COMPOSITIONS By Composer MARILYNN STARK
ECHOES ON MUSIC
By Marilynn Stark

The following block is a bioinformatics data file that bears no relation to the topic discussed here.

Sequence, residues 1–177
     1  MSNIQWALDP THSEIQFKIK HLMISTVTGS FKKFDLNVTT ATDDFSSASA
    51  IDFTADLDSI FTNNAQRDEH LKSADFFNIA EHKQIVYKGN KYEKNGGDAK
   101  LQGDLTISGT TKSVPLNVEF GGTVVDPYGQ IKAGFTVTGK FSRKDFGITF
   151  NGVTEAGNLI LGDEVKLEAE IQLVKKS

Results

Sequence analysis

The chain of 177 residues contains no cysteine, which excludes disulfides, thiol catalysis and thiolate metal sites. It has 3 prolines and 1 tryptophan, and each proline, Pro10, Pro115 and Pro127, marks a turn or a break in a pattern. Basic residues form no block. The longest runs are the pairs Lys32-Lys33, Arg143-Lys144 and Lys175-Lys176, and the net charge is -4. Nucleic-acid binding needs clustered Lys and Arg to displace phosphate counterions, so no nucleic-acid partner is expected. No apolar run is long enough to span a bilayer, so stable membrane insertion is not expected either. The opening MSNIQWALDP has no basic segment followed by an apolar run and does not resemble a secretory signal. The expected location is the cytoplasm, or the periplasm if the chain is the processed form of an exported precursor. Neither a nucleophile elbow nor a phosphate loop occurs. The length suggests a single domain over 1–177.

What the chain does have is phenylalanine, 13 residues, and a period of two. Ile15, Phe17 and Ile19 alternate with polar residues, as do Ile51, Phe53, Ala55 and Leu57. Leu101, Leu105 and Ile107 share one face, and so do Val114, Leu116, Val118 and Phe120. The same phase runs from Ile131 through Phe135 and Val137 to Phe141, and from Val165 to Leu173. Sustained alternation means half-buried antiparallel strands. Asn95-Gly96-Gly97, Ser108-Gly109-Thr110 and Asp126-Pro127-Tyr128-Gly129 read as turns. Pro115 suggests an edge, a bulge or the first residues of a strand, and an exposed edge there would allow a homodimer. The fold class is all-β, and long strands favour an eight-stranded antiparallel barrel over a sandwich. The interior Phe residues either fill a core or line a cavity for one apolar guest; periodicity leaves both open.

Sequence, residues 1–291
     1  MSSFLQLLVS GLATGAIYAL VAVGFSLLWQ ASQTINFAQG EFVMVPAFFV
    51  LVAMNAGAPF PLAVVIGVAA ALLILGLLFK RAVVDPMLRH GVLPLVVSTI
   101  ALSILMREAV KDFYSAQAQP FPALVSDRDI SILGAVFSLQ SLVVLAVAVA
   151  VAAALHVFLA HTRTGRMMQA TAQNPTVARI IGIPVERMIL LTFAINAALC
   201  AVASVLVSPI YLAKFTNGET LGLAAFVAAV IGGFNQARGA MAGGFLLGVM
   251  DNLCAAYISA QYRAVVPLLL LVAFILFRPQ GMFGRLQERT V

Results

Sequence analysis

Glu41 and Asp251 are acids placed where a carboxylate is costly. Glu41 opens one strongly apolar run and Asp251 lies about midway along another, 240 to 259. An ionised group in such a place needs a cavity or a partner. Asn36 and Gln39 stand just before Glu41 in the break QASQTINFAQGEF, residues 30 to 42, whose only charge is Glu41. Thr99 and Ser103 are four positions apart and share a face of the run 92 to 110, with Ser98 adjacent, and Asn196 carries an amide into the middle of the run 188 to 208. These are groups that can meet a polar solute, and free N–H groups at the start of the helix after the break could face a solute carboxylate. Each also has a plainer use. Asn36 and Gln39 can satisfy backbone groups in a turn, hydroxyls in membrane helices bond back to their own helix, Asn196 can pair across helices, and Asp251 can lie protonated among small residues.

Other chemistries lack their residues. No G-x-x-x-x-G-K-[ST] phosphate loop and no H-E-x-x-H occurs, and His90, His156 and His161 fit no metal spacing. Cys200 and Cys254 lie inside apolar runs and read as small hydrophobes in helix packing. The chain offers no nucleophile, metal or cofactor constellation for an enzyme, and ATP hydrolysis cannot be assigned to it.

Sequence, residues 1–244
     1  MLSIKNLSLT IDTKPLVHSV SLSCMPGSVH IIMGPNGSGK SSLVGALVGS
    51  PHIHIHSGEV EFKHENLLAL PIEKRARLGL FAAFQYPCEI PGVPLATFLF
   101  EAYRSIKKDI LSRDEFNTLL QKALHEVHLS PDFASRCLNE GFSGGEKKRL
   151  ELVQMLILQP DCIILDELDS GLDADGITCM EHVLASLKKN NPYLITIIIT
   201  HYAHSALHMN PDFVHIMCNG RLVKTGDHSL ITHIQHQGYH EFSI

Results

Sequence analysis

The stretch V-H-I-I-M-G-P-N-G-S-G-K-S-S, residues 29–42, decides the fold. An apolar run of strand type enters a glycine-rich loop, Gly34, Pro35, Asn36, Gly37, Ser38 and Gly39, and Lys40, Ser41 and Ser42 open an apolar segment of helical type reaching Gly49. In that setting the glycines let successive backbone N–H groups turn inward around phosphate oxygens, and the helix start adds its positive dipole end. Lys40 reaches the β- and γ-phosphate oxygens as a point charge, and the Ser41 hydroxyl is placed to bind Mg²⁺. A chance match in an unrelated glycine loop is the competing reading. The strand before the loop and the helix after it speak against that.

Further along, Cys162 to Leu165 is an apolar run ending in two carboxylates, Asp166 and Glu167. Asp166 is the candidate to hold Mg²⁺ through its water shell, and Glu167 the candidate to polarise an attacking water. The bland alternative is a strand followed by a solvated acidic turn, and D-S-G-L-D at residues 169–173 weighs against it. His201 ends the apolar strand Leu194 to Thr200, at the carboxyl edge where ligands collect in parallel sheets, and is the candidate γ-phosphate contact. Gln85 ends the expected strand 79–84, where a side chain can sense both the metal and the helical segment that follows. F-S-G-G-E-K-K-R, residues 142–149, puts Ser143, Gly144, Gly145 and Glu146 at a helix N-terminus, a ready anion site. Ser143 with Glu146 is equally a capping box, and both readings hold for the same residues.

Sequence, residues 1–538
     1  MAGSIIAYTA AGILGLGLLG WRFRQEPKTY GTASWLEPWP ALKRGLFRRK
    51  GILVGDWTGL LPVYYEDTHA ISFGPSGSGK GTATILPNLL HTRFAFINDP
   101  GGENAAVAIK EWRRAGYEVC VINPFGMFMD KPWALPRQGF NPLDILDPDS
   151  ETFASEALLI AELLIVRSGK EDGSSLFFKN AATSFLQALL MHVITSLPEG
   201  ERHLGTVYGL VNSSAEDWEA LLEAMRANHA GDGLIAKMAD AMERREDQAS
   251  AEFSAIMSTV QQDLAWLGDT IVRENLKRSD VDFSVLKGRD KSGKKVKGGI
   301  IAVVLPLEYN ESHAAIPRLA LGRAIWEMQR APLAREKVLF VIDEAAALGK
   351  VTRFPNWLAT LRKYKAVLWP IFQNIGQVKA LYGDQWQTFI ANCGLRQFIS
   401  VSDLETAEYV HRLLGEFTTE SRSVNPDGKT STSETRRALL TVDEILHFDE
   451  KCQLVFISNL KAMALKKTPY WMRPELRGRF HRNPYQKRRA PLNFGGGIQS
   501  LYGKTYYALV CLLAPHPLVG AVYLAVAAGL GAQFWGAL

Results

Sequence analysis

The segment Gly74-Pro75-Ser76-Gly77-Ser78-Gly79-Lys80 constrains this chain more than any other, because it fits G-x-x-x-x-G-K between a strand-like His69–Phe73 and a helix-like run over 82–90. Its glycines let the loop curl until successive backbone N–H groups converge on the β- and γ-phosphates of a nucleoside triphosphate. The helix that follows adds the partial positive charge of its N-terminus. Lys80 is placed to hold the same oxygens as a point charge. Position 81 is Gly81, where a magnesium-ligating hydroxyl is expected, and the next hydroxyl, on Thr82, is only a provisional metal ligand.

The beauty of a classical music piece is perhaps beyond description in simple words. How can one in words alone ever say what a classical music work says? How can one in sheer words inspire the same level of emotion and any resolution of emotion which arise out of the sound once heard and then once again echoed further on in the variance of passage in that classical piece? Such poetic passage through some majestic structure gently, perhaps, holding, and now superimposed by dint of memory's moving moment upon the surrendered mind-- there comes a wave of realization that all phrases said just before are qualified and understood beyond what had been immediately and spontaneously conferred in the saying. This meaning, this ulterior sound with message so clear, came as if from other parts and needs to be said again and heard again for its profound statement; yet no words in simple language can ever strive to say what was just heard. It remains only to hear this piece once more, so that its offer of requiting can be more fully understood and understood for all time. Where else can this truth ever be found in quite this way while at the same time lending such a pleasing ideation in sonorous feat?